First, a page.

Would somebody please tell this woman that World War I is over? This statement is so hopelessly wrong and outdated, I don't know where to start. The latest military technology makes it easier to kill bystanders; smart bombs sometimes make mistakes, but it is a safe assumption that the US Air Force won't repeat the carpet bombing tactics of World War II and Vietnam in Iraq or Afghanistan, or anywhere else. By way of contrast, please note: the genocide in Rwanda--around 800,000 human beings killed in the very definition of "merciless slaughter"--was carried out with clubs and machetes.

Monday, November 06, 2006

"Fools' Crusade" Chapter Two [33]


Johnstone concludes her review of the "factors" involved in the Western case against Milosevic with this claim--that NATO committed crimes equal to, or greater than, those committed by Serb police and military forces in Kosovo, and that the charges brought against Milosevic were drummed up by the US and NATO in order to justify their military action against Yugoslavia post de facto.

Because this two-page section takes us out of Bosnia and into Kosovo, I am not going to give the issues she touches on all the attention they fully deserve, even though the situation in Kosovo was, of course, directly related to the war in Bosnia. The NATO war in Kosovo is another issue, which deserves a fuller study than I can give it right now. The NATO military action against Yugoslavia in 1999 operated under a different dynamic and reacted to different circumstances than the long drawn-out Western responses in Bosnia. However, there are some points worth noting:

"The NATO air strikes against Yugoslavia, initiated on 24 March 1999, were in flagrant violation of international law on numerous counts. Yugoslavia was attacked, without any mandate from the UN Security Council, although it had not committed any act of aggression against any other country."

Putting aside Johnstone's ever-disproportionate sense of selective outrage, it must be noted that, especially in the second sentence, she is technically correct, at least in regards to operations in Kosovo (Johnstone is not willing to acknowledge the reality of JNA and Serbian paramilitary operations against Croatia and Bosnia, but since those wars had ended some years earlier we will let that pass). Kosovo was, and remains, part of Serbia.

Johnstone is consistant on this point--the sovereignty of a state trumps the rights of individuals within that states. The world community has been grappling with the problem of sovereignty for some time now; the former Yugoslavia was only one arena in which this question has been relevant. At what point do the internal affairs of a sovereign nation become the business of the outside world?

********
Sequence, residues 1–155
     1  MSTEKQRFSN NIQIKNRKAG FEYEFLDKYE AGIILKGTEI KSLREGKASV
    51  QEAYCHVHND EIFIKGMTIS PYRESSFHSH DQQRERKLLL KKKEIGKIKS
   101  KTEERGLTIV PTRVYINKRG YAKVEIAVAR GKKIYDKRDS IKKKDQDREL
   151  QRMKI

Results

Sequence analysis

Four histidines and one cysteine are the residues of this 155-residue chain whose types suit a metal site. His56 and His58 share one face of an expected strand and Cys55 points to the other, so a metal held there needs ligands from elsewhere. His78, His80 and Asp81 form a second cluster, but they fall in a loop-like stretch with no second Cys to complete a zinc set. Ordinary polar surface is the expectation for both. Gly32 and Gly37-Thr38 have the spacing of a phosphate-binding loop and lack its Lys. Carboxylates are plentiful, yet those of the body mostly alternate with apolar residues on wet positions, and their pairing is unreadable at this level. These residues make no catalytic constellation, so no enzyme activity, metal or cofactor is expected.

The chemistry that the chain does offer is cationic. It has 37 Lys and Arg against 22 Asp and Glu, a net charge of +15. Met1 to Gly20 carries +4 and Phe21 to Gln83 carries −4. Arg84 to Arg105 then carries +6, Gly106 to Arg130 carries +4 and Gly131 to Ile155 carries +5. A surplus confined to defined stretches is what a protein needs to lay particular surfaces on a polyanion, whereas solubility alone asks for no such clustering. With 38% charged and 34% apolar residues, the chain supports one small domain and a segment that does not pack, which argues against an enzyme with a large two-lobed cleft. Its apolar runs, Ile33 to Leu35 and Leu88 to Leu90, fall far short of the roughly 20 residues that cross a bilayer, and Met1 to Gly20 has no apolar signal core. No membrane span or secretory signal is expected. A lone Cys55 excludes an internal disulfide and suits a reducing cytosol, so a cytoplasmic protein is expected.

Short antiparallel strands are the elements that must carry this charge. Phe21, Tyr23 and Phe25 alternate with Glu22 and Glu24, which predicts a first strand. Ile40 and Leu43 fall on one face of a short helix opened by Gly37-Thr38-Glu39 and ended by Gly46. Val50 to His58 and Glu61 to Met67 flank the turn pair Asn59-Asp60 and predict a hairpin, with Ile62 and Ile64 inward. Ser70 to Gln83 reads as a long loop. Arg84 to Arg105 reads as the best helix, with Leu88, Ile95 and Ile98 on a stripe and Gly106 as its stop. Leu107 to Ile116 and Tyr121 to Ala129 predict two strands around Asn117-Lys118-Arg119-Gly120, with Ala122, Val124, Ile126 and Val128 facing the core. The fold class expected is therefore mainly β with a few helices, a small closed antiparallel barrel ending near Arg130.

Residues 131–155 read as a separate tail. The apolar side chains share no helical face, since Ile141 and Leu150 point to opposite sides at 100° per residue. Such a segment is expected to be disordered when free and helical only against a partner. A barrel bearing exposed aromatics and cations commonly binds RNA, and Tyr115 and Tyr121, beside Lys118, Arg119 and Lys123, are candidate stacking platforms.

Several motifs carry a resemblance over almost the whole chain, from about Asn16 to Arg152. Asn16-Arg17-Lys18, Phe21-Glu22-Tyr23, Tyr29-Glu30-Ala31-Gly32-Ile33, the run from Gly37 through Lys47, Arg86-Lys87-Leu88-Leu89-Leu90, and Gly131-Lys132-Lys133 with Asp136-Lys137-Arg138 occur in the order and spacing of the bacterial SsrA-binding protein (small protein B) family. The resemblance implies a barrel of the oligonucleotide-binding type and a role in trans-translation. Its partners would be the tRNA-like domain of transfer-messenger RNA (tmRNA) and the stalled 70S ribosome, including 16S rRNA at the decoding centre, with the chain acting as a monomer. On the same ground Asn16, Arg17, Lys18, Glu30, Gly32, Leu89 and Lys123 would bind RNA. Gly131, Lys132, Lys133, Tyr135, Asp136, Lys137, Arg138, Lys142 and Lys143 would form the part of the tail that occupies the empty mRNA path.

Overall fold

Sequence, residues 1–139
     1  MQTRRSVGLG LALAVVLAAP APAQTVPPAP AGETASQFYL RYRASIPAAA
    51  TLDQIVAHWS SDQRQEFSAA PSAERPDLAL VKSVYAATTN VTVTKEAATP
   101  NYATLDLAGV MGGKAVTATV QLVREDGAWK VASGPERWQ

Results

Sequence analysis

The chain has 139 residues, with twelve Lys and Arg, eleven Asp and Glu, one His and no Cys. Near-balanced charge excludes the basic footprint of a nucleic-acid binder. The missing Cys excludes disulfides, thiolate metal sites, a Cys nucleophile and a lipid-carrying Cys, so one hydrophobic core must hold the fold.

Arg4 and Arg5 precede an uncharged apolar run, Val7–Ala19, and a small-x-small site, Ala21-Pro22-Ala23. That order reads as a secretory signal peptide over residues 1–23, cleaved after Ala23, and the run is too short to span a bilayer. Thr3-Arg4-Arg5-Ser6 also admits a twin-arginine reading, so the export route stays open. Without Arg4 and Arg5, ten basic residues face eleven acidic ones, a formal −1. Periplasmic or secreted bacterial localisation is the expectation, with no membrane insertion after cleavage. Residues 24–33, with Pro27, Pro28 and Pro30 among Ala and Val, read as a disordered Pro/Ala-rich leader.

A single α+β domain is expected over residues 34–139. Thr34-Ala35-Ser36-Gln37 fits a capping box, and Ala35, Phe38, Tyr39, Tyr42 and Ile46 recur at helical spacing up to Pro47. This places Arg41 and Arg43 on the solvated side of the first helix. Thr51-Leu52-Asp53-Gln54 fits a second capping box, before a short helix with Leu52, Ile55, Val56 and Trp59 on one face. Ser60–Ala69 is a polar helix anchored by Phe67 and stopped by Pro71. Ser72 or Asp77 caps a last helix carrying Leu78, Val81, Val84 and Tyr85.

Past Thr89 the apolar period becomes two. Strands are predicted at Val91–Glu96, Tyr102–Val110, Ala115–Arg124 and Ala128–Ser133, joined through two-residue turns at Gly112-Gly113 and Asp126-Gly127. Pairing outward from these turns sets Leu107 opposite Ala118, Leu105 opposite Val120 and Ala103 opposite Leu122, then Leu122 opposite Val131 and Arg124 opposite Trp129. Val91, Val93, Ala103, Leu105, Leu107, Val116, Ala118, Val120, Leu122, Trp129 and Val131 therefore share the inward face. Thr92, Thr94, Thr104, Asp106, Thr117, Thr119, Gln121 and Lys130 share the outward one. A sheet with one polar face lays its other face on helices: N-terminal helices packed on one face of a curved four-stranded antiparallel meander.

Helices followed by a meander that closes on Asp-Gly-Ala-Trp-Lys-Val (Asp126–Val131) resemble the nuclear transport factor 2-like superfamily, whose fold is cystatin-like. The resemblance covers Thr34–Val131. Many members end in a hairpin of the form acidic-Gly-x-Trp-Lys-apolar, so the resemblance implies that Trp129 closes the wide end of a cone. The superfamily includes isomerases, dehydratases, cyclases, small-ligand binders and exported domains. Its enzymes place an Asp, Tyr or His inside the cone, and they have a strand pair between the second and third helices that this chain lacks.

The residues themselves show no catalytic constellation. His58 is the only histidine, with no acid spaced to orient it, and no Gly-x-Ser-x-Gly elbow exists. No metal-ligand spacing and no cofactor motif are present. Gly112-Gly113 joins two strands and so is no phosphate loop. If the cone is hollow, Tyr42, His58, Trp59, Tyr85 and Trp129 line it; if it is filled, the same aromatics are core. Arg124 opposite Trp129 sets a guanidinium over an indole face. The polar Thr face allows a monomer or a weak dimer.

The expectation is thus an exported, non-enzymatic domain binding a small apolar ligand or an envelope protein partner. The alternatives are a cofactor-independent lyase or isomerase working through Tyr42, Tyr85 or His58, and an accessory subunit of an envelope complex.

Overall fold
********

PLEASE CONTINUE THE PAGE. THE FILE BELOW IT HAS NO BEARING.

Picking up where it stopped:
This isn't the first time Johnstone has stumbled across a good point; as always, she fails to grasp it. Instead of acknowledging that the international community came up against a somewhat new problem and was feeling around for a suitable response--including a coherent ideological/intellectual framework--she concludes that she has found another convenient stick with which to beat the Western conspiracy against Serbia. And after getting her whacks in, she tosses it aside.


She has nothing to say about the situation in Kosovo, of course. She believes that the US indictment against Milosevic was brought to The Hague as the war was still going on in order to justify it in light of civilian casualities in Serbia and growing opposition in the US. Which might be partially true. The Clinton administration had many conflicting motivations going into Kosovo; their spotty track record in Bosnia certainly being one of them. No reasonable person can doubt that in Kosovo, the US regarded Milosevic as some sort of "unfinished business" from Bosnia.

If Johnstone were seriously interested in some of the international legal implications of NATOs war against Yugoslavia, this section might have been worthwhile reading. But she isn't, and it wasn't. As an example of the laughable nature of her analysis, I present this quote:

"The Yugoslav government itself tried on 29 April 1999 to institute proceedings at the International Court of Justice in The Hague against NATO governments for a broad range of war crimes and crimes against humanity. The Western media, in brief reports, let it be known that such an intitiative was "not serious." "

Again, if her intent was to question the impartial nature of international justice by asking whether a small nation can effectively use the institutions of internatinal justice against powerful nations, she might have an interesting and productive line of inquiry going. But Johnstone's vision is narrow and petty; she only wants to discredit the West on behalf of her nationalist heroes.